There remains therefore a rest for the people of God. For he who has entered His rest has himself also ceased from his works as God did from His. Hebrews 4:9-10
The Promise of Rest
The “remains therefore “of this verse reiterates that the promise of rest rings through the ages from Moses’ generation to David’s, through Paul’s and to the current generations of the church. And though God has offered this rest to generation after generation, only a few out of each generation ever take hold of it.
Thankfully, God’s eternal reserve of rest in heaven has not been destroyed, canceled, or exhausted. It remains like money in the bank, unclaimed for many generations. It would be like someone getting a call from a bank and finding out they have $25 million in an account with his family’s name on it. The account had existed for several generations, but the bank had never been able to convince that person’s family members to go to the bank and get the money. I know what I’d do if that happened to me. I’d hang up the phone, jump in my car and head for the bank as fast as I could.
Yet for generations, believers had had something much more valuable than $25 million; they’ve had the promises of God. They are there for the asking, his riches in glory by Christ Jesus.
Three Greek Words for Rest
There are three Greek words for rest found in the New Testament. One, “sabatismos,” is where we get the word Sabbath. Sabatismos speaks of a perpetual rest. The second word is “anapausis” which is derived from two other Greek words: ana which means above or from above, and pausis which means rest and is where we get the pause from. This word was found back in Hebrews 4:1 and means rest from above. This is the rest of the new birth. It is supernatural rest, something that comes from God, part of that peace that passes all understanding, and as they strive to walk in the promises of God, his rest automatically comes and believers simply enter into it.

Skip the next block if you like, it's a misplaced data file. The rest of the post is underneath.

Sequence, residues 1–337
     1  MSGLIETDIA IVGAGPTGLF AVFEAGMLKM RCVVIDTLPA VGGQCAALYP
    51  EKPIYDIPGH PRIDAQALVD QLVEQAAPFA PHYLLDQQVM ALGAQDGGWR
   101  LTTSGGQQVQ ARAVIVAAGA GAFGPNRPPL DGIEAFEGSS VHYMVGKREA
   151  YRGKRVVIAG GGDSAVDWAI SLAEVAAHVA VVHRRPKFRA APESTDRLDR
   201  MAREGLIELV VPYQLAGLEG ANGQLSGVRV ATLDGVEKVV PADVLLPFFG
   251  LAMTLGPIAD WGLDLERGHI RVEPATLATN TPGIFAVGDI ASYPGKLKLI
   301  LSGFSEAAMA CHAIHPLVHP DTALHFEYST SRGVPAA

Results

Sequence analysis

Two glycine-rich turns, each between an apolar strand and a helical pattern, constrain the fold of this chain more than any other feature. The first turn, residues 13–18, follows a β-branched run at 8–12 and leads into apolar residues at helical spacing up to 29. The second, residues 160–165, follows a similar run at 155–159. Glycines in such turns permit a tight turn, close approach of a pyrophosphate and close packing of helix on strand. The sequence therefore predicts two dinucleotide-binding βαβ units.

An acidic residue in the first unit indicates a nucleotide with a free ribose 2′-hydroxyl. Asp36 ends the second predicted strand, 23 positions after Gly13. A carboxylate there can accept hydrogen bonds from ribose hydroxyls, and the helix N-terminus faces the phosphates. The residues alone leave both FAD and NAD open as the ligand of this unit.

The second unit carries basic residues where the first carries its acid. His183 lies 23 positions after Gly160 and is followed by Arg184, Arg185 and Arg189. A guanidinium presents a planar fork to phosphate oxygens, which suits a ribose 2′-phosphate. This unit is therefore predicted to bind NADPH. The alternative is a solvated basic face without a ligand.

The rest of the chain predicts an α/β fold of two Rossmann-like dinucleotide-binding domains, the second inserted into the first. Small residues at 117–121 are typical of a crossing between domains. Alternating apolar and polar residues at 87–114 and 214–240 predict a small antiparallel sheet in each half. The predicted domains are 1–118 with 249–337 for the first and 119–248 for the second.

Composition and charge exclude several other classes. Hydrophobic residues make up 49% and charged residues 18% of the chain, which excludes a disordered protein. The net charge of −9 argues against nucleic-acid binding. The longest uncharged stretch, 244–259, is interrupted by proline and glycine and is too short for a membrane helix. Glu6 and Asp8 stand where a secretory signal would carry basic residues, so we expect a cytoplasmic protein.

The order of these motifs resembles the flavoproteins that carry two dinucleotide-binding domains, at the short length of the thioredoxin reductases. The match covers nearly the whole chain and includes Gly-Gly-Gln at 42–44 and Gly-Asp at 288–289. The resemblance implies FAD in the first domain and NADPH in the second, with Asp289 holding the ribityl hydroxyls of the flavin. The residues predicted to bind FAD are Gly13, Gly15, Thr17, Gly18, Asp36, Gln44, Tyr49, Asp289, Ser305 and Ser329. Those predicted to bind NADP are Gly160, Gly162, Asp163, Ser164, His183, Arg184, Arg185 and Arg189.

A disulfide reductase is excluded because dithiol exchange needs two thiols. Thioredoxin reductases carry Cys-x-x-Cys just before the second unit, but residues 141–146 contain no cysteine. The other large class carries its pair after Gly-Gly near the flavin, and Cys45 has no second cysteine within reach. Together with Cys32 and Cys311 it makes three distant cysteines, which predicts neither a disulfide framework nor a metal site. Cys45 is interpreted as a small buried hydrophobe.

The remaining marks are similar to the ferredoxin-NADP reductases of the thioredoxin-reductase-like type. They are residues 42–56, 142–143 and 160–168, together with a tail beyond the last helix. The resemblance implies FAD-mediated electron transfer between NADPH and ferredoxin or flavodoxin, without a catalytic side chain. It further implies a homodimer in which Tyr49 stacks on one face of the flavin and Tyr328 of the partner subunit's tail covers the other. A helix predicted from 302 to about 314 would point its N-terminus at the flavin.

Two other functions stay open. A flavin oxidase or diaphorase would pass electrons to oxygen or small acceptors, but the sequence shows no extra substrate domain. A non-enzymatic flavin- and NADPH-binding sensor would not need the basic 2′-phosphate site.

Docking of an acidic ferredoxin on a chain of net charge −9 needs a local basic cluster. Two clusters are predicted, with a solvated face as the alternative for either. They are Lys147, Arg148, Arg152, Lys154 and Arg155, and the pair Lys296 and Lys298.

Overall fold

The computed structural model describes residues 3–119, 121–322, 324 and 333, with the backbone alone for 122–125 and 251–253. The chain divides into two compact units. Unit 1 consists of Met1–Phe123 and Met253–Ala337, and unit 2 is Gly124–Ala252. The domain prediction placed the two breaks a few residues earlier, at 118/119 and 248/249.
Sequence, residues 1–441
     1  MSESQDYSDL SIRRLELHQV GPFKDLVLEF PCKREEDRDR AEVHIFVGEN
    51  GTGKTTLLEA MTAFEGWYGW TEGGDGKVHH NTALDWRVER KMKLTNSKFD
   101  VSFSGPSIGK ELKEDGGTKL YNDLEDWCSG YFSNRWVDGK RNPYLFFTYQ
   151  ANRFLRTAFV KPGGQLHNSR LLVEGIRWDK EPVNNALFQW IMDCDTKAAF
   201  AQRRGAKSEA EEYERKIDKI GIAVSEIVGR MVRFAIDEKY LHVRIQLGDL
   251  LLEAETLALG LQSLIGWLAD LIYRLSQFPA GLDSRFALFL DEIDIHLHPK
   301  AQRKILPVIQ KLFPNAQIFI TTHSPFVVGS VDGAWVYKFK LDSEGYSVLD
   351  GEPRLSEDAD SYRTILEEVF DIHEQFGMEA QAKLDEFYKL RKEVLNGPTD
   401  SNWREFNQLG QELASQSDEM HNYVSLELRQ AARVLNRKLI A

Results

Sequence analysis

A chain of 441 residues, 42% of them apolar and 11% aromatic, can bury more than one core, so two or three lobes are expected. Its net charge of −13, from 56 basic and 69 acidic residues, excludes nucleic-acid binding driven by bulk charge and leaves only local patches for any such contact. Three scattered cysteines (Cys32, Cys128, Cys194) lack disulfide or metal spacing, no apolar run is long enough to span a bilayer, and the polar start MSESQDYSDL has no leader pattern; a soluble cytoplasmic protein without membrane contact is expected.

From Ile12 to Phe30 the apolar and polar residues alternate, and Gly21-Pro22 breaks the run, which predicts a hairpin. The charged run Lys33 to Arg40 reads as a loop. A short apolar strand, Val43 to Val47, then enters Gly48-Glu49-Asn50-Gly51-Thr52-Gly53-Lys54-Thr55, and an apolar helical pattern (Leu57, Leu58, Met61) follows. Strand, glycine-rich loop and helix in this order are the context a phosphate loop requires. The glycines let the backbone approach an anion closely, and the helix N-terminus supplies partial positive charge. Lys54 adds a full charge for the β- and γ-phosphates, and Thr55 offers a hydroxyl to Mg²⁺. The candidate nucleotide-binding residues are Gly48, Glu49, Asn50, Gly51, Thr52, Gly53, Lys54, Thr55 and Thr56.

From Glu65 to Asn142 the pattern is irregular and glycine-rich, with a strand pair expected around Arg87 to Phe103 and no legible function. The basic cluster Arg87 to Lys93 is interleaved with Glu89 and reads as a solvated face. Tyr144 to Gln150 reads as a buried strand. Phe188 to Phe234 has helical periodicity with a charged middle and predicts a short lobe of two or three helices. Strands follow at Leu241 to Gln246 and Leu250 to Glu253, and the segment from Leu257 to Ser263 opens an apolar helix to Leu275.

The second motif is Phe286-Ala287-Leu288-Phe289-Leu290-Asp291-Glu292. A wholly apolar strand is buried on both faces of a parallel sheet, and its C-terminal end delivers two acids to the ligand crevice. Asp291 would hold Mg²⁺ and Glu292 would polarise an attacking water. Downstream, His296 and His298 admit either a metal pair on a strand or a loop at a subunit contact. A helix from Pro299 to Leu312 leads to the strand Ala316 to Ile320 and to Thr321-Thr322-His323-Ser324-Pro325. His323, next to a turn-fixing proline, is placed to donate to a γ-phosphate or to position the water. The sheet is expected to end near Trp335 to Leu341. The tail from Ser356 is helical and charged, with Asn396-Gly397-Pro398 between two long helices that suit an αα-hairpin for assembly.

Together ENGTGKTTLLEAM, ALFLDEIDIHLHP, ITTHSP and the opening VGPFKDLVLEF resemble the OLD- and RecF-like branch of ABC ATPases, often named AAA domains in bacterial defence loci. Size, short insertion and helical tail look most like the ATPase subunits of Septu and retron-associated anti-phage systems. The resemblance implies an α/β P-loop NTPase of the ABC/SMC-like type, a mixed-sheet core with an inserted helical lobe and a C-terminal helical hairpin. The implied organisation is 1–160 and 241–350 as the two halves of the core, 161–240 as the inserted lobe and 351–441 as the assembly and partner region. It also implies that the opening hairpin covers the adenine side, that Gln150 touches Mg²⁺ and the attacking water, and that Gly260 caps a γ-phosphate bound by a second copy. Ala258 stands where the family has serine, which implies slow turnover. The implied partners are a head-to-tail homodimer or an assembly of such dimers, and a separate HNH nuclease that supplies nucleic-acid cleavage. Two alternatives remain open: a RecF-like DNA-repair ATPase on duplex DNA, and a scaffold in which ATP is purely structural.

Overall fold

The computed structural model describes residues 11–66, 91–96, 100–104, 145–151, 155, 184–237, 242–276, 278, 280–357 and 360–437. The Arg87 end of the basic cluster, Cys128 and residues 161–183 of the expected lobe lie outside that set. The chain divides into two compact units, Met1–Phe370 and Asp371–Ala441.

The Third Greek word is katapausis. Kata is the word for norm or standard, so katapausis means the standard of rest. This is found in verse 10 where it speaks of “His rest.” In other words, this is not only a rest from above or a perpetual rest, it is a rest like God’s rest; the standard of rest is God himself. God rested because the work was finished. Now believers must cease from their own human works as God did from His divine works. Believers are to by the same standard of finished works. God gives believers the same rest he has, and they can rest in the same way that he rests, far above all circumstances of life.
Be Diligent to Enter Into Rest
Let us therefore be diligent to enter that rest, lest anyone fall according to the same example of disobedience. Hebrews 4:11
The command to “be diligent” here was translated as “labor” in the King James which, when applied to rest, made for a confusing paradox. “Diligent” in the New King James makes the meaning a little more clear. In this dispensation, believers are commanded to strive to enter into God’s rest. How do believes strive to enter into rest? By forcing themselves to rest? By telling themselves over and over again “I’ve got to rest, I’ve got to rest!” No. This would be man’s labor instead of faith, and no human deed can add or obtain divine provision. This rest is not something believers grit their teeth and decide to do. The believer must cease from his own deeds to enter into what God has done, divine good. Faith is the absence of human merit. This requires faith in God’s finished word and works. So how are believers to be diligent to enter in? By mixing faith with the promises of God. This diligence to enter in is a great missing ingredient in faith circles today.